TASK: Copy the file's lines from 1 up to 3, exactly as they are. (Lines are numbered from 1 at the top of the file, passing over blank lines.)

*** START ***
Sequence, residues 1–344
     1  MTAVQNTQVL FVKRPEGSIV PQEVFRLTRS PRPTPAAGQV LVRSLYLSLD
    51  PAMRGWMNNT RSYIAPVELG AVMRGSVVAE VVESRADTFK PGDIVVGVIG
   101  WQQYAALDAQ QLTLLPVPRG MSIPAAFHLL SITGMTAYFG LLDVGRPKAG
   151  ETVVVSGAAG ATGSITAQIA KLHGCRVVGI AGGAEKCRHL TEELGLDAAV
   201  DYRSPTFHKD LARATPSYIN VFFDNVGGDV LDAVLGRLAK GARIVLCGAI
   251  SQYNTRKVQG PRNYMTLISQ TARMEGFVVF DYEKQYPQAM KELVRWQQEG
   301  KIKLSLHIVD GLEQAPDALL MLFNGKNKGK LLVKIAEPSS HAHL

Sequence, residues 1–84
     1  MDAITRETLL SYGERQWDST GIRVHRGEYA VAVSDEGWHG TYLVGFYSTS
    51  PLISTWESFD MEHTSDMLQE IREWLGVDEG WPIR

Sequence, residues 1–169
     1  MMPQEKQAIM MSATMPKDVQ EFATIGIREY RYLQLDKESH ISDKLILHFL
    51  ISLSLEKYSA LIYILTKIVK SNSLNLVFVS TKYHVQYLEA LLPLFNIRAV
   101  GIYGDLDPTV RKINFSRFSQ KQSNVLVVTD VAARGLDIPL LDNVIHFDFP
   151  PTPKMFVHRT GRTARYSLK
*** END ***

Sequence, residues 1–344
     1  MTAVQNTQVL FVKRPEGSIV PQEVFRLTRS PRPTPAAGQV LVRSLYLSLD
    51  PAMRGWMNNT RSYIAPVELG AVMRGSVVAE VVESRADTFK PGDIVVGVIG